Temporal (Chronomancy): The temporal sphere includes travel, halting, slowing and accelerating of resident temporal flow. This sphere is by far the most dangerous, for the great possibility of causing temporal paradox if the caster is in the least bit careless with even the most minor detail, but it is also considered the most powerful of all the High Spheres.
Transmutation: Transmutation Magic is the alteration of one thing into another thing. Living matter can be transmuted into inert matter, but inert matter cannot be transmuted into living matter, save in instances where the inert matter was previously altered from living matter (i.e., reversing a flesh to stone spell). To transmute one thing, into another thing, the Transmuter must have a good understanding of both things (i.e., a transmuter cannot turn rocks into Vocorium if he or she has never studied the metal at length, or through a tradeskill). Barring these limitations, Transmutation has an extremely versatile range of use.
1Tala, the Sea of Light is an Outer Plane of pure energy and Mana.
2Lyth, The Shadowlands is an Outer Plane of entropy and a place where all shadows are linked.
The Magic Specialist
Sometimes a spell-caster will opt to specialize in a certain primary sphere of magic. In the case of necromancers and illusionists, this specialization is both very popular and yields very powerful spells that only an individual schooled in advanced studies and concepts of that particular sphere can attain. The drawback to being focused in one area of study is, the loss of access to other general sorts of spells that might otherwise prove useful in a given situation.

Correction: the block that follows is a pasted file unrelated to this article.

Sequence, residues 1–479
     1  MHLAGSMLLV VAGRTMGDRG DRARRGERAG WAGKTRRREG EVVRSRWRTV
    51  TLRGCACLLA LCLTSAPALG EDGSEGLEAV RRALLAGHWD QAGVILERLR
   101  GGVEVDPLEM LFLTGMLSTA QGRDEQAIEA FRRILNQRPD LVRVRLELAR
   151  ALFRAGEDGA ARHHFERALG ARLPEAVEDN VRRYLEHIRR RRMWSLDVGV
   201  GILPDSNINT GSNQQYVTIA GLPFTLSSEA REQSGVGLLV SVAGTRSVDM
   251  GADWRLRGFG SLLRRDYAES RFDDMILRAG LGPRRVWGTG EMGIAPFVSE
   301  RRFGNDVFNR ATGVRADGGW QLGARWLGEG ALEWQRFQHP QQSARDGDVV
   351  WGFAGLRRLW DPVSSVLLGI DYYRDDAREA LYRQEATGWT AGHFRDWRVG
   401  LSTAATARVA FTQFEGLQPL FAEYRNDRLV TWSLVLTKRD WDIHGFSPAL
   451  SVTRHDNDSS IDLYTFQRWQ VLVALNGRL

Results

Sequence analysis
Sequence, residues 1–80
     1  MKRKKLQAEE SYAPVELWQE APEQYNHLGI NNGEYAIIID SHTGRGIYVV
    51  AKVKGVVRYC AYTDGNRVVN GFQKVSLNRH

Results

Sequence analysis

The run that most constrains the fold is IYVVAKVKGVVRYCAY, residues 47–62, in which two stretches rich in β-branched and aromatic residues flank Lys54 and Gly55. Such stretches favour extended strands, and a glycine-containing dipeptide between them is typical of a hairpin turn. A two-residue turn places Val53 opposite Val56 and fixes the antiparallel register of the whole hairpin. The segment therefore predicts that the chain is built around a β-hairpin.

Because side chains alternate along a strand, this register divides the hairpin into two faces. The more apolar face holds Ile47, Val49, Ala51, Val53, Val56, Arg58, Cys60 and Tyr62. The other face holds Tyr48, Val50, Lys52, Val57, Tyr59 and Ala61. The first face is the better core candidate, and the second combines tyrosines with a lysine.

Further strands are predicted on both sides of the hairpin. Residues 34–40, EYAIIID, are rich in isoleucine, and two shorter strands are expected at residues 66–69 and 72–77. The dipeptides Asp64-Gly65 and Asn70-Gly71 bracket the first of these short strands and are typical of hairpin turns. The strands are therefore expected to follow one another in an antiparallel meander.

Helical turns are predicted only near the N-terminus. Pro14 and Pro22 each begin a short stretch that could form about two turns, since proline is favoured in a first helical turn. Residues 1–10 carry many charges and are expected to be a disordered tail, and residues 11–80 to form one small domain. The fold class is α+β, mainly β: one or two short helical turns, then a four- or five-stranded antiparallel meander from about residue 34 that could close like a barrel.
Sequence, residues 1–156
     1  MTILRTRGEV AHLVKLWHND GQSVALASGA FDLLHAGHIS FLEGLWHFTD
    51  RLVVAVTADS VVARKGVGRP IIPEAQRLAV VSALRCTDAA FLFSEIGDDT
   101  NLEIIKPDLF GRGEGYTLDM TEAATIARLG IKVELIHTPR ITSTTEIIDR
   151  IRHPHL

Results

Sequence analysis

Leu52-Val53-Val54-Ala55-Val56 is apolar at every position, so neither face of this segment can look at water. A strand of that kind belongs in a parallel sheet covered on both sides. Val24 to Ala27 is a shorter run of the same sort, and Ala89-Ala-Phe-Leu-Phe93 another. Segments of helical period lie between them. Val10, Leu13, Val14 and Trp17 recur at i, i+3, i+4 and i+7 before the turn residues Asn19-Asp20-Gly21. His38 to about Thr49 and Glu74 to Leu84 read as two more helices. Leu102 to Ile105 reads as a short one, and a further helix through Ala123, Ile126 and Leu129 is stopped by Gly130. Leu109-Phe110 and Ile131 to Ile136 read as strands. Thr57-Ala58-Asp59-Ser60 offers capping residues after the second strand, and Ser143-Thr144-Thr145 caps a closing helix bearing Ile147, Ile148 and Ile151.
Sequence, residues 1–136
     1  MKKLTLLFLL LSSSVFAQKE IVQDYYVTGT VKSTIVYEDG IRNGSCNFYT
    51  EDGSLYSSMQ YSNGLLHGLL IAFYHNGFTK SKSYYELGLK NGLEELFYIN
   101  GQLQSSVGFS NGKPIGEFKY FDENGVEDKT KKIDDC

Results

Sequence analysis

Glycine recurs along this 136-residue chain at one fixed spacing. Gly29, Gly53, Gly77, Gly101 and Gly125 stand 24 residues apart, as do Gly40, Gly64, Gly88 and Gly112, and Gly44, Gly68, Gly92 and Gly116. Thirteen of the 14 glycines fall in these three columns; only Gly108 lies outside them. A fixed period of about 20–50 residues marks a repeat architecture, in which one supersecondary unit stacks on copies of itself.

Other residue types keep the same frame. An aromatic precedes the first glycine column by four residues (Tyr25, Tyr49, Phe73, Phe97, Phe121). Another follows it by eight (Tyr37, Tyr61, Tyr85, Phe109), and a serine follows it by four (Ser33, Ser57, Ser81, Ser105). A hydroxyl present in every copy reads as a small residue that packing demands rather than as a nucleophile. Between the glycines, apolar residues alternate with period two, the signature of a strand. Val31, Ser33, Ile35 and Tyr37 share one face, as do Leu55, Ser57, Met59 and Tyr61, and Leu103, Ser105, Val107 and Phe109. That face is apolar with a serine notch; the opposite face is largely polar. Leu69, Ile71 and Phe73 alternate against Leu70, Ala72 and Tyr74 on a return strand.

By and large all specialist casters follow the same regulations and ranks of wizard advancement, with notable exceptions and changes listed below for the necromancer and the illusionist specialists:
Necromancer Advancement Rank
Necrolyte: The necrolyte knows a few basic cantrips and perhaps one spell. A potential necromancer is an necrolyte for the first year of their training and must wear robes stolen from a grave for that year, never washing or mending them regardless of their condition.
Dark Savant: The dark savant has proven their commitment to necromancy and has progressed to their second year of study. They know several basic spells, including the ability to Speak with the Dead and to Raise Undead. They also are given dust gray colored robes which they must sleep in an occupied grave with as part of the ritual of passing into this rank. One often remains a dark savant for several years as they advance in the necromantic arts.